Reviews, profiles and news about movies in Chicago

Review: Where To Invade Next

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In the six years since his commercially unsuccessful, turgid magazine-style film, “Capitalism: A Love Story,” Michael Moore hasn’t gotten soft so much as giddily optimistic, couching his hope for the United States as a society in what can be drawn from other cultures. But fluffy Mike is not as effective as bristling Mike, and “Where To Invade Next,” his well-meaning comedy of straw men and false equivalencies stays on the surface, a likable, intermittently annoying personality-driven essay that lacks the pinch and punch of his earlier work. The range of stunts, including waving an oversized U.S. flag while surveying the economic safety nets in other countries like France, Norway, Italy, rely too heavily on being charmed by his cuddly-bully persona. Nothing wrong with the politics or the examples, just a consistently annoying tone. Read the rest of this entry »

Review: Peggy Guggenheim: Art Addict

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Peggy Guggenheim seen through a sculpture, from "Peggy Guggenheim - Art Addict." (photo: Roloff Beny)


Lisa Immordino Vreeland’s second art-doc after “Diana Vreeland: The Eye has to Travel” is an eyeful and an earful. “Peggy Guggenheim: Art Addict” is a brisk, neatly constructed look behind the life of the late heiress who became one of the twentieth century’s most proficient wheelers and dealers at the top end of the art market, collecting art, but also artists along the way. And slept her way, gainfully and gleefully, through a teeming scene of Surrealists and Dadaists that included Man Ray, Max Ernst, Jackson Pollock, Alexander Calder, Marcel Duchamp, Constantin Brâncusi  and Sam Beckett. Her independence may be more impressive than the many hundreds of millions of dollars her collection is worth today. Long-lost audio recordings of Guggenheim describing her travels and travails, made the year before her death in 1979 at the age of eighty-one, enhance the telling: “I was the midwife to modern art,” she says, and in her own way, a mistress and matriarch as well. Read the rest of this entry »

Extending the Conversation: Kent Jones on “Hitchcock/Truffaut” and the Others

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By Ray Pride

Kent Jones is one of the finest American film critics, a 2012 Guggenheim fellow, a longtime collaborator with Martin Scorsese on documentaries about film history, as well as the director of the New York Film Festival. “Hitchcock/Truffaut,” his sweet, even joyous ode to the making of art begins with audiotapes of Francois Truffaut’s weeklong interviews in 1962 with Hitchcock that became the influential book of the same name, then blends relevant scenes from Hitchcock’s films with astute observations by latter-day directors like Scorsese, David Fincher, Wes Anderson, Olivier Assayas, Arnaud Desplechin, Richard Linklater and James Gray. Here’s a small part of a long, discursive talk we had during the Chicago International Film Festival. Read the rest of this entry »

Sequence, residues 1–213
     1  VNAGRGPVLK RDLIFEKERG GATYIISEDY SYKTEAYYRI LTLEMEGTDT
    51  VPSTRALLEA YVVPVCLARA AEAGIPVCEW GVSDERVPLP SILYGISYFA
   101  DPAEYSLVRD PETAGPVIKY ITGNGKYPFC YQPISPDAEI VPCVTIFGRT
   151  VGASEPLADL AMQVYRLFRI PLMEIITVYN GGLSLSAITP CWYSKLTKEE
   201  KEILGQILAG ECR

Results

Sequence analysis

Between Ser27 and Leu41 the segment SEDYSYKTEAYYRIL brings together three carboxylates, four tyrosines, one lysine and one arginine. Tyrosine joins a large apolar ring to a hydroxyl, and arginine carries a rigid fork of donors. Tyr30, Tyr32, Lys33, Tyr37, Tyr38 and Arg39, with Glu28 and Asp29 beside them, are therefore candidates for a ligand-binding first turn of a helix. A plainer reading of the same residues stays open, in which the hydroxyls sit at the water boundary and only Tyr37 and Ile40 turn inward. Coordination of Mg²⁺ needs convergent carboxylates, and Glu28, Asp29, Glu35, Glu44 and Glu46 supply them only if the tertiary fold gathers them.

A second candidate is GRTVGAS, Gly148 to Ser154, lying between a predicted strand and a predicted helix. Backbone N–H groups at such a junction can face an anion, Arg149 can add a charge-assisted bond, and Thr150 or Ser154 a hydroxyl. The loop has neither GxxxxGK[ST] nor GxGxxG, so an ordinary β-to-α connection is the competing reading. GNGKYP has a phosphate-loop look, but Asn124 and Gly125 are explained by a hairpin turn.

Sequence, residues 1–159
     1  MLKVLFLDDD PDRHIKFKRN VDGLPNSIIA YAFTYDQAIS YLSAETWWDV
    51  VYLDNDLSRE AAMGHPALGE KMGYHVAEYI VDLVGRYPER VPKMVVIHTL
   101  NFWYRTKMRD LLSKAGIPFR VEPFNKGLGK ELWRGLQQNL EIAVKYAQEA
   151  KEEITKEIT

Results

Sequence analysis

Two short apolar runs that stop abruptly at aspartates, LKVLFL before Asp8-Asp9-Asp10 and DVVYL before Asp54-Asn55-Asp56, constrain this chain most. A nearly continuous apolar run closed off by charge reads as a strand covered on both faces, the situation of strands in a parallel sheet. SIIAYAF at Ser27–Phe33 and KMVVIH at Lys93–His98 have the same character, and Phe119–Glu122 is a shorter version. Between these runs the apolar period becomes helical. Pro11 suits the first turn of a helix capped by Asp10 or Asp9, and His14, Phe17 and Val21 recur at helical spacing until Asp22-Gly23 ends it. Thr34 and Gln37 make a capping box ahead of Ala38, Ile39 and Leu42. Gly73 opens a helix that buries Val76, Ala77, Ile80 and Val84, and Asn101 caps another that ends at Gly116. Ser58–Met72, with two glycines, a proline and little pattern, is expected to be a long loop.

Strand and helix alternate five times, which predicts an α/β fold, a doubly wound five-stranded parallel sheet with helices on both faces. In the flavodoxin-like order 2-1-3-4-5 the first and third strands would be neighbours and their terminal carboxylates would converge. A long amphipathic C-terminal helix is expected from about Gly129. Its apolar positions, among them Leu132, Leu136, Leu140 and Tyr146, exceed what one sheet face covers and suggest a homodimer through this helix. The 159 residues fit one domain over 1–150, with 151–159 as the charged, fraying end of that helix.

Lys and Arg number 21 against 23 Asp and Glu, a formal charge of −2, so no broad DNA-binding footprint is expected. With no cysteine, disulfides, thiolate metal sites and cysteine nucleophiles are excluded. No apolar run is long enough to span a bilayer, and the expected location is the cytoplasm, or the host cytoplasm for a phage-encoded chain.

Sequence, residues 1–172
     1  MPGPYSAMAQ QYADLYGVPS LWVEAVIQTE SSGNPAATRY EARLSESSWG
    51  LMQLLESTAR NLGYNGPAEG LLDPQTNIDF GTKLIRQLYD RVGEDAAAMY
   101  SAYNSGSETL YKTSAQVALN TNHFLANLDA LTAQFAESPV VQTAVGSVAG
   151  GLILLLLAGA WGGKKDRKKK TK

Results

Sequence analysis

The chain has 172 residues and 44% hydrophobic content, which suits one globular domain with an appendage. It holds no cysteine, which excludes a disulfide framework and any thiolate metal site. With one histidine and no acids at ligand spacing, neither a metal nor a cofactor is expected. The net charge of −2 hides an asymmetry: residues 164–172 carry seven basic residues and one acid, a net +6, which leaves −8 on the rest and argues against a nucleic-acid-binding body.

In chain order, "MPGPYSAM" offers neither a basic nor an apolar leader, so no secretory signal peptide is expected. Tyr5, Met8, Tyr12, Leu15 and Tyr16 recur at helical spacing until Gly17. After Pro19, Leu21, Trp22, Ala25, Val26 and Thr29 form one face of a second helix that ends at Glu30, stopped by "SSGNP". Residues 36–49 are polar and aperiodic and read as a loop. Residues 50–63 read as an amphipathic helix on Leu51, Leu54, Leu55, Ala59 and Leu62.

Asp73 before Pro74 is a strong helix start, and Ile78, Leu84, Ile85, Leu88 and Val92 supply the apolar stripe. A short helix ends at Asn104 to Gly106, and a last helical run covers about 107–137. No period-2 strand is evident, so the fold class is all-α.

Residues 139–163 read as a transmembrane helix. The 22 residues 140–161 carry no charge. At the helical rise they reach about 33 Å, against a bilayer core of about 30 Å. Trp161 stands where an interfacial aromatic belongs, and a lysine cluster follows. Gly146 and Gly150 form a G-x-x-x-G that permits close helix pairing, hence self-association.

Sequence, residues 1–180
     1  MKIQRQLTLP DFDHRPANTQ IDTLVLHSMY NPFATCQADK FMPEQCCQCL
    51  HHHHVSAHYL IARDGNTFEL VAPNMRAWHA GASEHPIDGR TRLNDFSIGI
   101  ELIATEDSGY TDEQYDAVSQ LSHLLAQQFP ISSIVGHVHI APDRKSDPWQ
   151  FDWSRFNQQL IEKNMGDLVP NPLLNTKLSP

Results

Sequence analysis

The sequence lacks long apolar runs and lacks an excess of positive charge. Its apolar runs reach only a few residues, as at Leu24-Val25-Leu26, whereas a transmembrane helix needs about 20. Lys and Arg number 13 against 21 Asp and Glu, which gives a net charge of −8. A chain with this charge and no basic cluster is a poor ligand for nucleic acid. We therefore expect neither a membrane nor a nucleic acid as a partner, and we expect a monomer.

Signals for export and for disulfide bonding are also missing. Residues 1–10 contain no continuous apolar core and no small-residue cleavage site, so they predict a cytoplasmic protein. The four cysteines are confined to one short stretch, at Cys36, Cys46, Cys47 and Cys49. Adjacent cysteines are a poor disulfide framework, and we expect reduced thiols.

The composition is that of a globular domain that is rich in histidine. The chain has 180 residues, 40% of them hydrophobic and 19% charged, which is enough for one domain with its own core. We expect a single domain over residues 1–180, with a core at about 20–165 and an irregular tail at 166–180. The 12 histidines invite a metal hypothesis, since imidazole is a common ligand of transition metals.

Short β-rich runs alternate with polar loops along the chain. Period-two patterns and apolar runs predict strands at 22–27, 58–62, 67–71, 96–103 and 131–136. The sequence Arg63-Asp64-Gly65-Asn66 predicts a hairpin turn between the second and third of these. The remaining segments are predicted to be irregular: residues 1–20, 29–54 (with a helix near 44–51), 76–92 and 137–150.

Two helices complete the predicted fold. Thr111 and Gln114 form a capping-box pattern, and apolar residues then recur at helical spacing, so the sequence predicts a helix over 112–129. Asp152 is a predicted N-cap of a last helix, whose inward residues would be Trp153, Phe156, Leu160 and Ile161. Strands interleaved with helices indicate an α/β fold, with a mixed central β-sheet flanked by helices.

Review: Noma, My Perfect Storm

Documentary, Recommended, World Cinema No Comments »



Slick but always sharp in the best contemporary European nonfiction fashion, French-born, Britain-based Pierre Deschamps’ three-years-in-the-making portrait of Copenhagen chef René Redzepi is based in part on Redzepi’s books, “Noma: Time and Place in Nordic Cuisine,” and “René Redzepi: A Work in Progress”. But Deschamps also gets into the kitchen and in the fields where the restless chef forages for local produce for his Noma restaurant, named “The Best Restaurant in the World” 2010-12 and 2014. Read the rest of this entry »

Review: Almost There

Chicago Artists, Documentary, Recommended No Comments »



I’ve seen “Almost There,” Aaron Wickenden and Dan Rybicky’s splendid, elusive minor miracle of northwest Indiana nonfiction a few times, and I’m still not sure why it’s so powerful. That it’s specific yet elusive, its dense range of fear and hope? There’s much to consider about outsider art, loneliness, mental illness and brightly colored graphomania in its innerworldly portrait of now-eighty-three-year-old Peter Anton, an elderly artist living in squalor in the wet, fetid basement of his parents’ house, moldering atop his art-stuffed living-dying quarters. As I wrote in January when it debuted at Siskel (its theatrical run begins now): “There’s a delicate and beautiful dance in ‘Almost There,’ a seven-years-in-the-making engagement with an elderly Northwest Indiana outsider artist, Peter Anton (whose work was shown at Chicago’s Intuit Gallery in 2010). The movie transforms before our eyes, as it did for the filmmakers. One of the most luminous, evocative choices made was to incorporate images not only of Anton amid his art inside his moldering dump, but of the surrounding landscape, often industrial, at all hours of day and night (captured by photographer David Schalliol). But primarily, it’s a dance between a willful subject and filmmakers who intend not to stray too close but ultimately can’t help themselves. Read the rest of this entry »